This post originally appeared on the blog Buzzing with Mrs. B.
If you’ve read my previous post about anchor charts, you know that I feel pretty strongly about a few things.
They must be created with kids, during a lesson, and they shouldn’t just be wallpaper in the classroom.
Instead, we want charts that grow and can be added to as kids learn and try new things.
The best way to ensure that anchor charts don’t become wallpaper is to make them interactive. If kids can interact with charts, they are more likely to learn the content and strategies that the chart represents.
Also, having their own handwriting on a chart, or their own work, can give them ownership over that learning. And the more times we refer to a previous “anchor” lesson, the more it will solidify in kids’ brains. So here are a few ways to do just that!
#1 Post-it try-its
Have kids try out the strategy or skill you’re working on. For example, on the first chart, we recorded characteristics and important details of two different texts to help us make connections. We figured out the lesson from the first text, and I had the kids figure out the lesson of the second text on their own. They wrote it on a post-it and we charted them up!
#2 Task cards
One easy way to have kids try out a skill or strategy is through using task cards. They’re equipped with short texts and they’re made for targeting specific skills. For this anchor chart, I had kids identify evidence on task cards for author’s purpose. They marked their evidence with a yellow highlighter. Then we sorted the cards by author’s purpose. This interactive lesson required kids to practice the strategy and apply it right away. Then we used their thinking as evidence for our chart! You can grab the materials for this lesson here.
This isn’t exactly a task card, but I did provide groups of kids with a paragraph that they could analyze to find evidence and make inferences about characters. Kids marked their evidence and told me what to label on the chart. They love this activity! For some reason, marking up a paragraph in large font is so much more fun than marking up a little paragraph.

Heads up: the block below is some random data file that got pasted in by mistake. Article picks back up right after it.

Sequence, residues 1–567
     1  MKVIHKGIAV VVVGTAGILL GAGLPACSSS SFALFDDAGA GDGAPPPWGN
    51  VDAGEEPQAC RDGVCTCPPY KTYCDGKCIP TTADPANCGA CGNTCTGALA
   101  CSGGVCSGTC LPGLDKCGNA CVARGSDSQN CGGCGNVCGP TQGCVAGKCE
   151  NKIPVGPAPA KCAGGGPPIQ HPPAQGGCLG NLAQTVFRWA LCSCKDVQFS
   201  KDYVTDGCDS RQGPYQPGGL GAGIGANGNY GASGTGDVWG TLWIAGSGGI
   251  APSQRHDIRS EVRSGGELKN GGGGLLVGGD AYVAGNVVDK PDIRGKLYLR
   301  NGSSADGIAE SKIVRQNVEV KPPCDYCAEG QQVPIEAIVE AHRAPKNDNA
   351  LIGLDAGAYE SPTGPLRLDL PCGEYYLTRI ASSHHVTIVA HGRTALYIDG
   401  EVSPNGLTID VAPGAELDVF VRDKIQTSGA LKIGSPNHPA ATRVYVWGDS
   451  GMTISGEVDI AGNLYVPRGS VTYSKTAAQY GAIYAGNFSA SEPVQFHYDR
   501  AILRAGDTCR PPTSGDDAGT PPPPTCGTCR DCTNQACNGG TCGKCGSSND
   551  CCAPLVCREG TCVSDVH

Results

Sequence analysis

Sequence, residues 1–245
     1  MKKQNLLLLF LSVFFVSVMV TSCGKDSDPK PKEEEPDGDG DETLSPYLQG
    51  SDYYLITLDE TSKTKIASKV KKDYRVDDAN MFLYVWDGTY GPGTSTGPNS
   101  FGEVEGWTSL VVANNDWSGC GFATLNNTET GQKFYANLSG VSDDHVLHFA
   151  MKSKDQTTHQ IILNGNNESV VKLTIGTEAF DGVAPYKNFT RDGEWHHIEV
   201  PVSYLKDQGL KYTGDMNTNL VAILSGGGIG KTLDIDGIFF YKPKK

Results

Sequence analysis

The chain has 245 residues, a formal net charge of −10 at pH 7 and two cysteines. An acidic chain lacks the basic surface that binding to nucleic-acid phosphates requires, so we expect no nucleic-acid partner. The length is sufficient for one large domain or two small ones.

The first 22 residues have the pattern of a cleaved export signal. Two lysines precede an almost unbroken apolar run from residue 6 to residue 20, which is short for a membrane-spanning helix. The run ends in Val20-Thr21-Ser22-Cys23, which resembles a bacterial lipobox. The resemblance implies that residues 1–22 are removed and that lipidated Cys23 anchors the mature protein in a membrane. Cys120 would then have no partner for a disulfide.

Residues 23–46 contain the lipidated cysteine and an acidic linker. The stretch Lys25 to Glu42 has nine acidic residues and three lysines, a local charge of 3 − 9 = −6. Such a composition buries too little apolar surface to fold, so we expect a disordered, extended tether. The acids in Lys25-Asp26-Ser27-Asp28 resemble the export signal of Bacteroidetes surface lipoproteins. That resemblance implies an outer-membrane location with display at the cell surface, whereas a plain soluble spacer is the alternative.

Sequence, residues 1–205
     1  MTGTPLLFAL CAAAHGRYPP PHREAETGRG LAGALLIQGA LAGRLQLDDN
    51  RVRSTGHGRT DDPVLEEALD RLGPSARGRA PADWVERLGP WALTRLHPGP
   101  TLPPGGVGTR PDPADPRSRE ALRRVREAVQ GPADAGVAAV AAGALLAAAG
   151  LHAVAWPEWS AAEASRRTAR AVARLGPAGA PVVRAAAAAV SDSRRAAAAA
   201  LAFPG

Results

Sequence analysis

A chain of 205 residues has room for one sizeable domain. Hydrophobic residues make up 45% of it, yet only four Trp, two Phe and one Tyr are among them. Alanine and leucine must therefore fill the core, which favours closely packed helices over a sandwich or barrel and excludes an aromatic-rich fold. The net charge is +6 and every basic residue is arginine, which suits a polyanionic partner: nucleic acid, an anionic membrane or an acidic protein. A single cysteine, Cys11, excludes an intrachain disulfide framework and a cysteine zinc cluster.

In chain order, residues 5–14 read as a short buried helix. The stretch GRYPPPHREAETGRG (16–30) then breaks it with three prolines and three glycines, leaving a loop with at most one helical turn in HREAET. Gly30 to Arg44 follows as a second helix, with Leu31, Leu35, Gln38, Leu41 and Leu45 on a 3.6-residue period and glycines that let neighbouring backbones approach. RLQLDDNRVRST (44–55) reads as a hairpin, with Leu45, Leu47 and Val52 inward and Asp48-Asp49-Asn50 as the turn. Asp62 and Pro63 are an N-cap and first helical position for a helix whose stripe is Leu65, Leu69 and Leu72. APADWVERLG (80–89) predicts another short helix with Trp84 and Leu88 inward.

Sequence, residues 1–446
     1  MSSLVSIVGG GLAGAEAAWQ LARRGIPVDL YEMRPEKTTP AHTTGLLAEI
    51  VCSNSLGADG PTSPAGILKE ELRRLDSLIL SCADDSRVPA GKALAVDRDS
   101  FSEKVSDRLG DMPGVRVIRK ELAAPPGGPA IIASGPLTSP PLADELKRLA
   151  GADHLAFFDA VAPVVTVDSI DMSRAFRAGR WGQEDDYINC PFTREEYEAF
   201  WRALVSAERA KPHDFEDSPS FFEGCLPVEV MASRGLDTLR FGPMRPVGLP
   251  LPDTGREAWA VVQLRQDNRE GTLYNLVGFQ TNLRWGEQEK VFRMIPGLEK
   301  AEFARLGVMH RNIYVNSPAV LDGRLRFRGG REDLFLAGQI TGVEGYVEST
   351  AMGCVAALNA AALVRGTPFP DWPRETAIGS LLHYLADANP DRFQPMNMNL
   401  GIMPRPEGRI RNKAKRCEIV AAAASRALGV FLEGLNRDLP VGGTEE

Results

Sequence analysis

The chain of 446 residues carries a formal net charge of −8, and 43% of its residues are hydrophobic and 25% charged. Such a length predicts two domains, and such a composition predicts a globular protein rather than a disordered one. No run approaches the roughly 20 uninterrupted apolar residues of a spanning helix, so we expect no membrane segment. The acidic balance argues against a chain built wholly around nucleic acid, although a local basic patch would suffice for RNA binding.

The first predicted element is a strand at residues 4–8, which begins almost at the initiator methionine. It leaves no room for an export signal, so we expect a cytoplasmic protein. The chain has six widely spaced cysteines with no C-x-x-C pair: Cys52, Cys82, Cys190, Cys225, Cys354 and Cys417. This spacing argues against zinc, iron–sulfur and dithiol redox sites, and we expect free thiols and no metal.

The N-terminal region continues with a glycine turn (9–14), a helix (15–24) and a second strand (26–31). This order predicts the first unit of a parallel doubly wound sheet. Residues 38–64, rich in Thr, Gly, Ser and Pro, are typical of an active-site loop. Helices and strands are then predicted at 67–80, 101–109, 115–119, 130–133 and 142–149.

In this anchor activity, groups of students matched cards with examples of sensory language, the sense the language appealed to, and the effect of the language on the reader. They underlined their evidence on each card to prove their thinking.
Then we built a three-columned chart with their cards to have an anchor to refer back to! It was a great way to help kids get started with noticing sensory details in mentor texts.
This resource is in my TpT store! Narrative Writing Minilesson: Using Sensory Details
#3 Growing list
Charts that kids can add to over time make great interactive reminders of their learning. They’re also helpful for setting a purpose for independent reading! For example, you can direct students to look for examples of figurative language, or specific types of characters, and add them to the chart.
For the charts below, I introduced a strategy (identifying theme, and describing characters) and the categories or types kids might encounter. Kids were encouraged to add the titles of books as they came across them, and in other cases we added the titles of texts we read together as a class.
Adding pictures of the covers is a great way to help kids remember the book, too!
#4 Post-its on graphic organizers
Blank graphic organizers make great anchor charts because they help kids organize information visually. For this chart about plot structure in fiction, we marked the important elements on the plot map with symbols. Then we recorded important events from the stories we read on post-its. We sequenced the events on the map. For a bonus, we pulled the post-its off of the plot map to represent cause and effect in the bottom right corner. This would make a great work station, too!
#5 Record of learning
For these interactive charts inspired by Lead4ward, we broke up the space into four different areas of focus: texts we read, summary elements, making inferences, and vocabulary. Each chart represented a different genre.
As we worked through texts, we added them to the chart. Sometimes students provided their copy that they’d written their thinking on to add to the chart! We also added question types that referred to summary elements and making inferences. As we came across important academic vocabulary, kids recorded the words on post-its and stuck them on the charts. Great way to record learning and to review later!
These are some of the fun ways I’ve used anchor charts to help kids record and interact with their learning. Which idea would you try?
Chrissy Beltran is an educational consultant & coach who spends her days working with teachers and coaches to engage their students in quality reading and writing experiences, creating resources to support teachers in planning and delivering exciting lessons, and blogging at buzzingwithmsb.com! She is also a mom to a very demanding toddler and wife to her long-suffering husband. Check out Chrissy’s TpT store, blog, Facebook, and Instagram for more teaching ideas (with an occasional side of sass).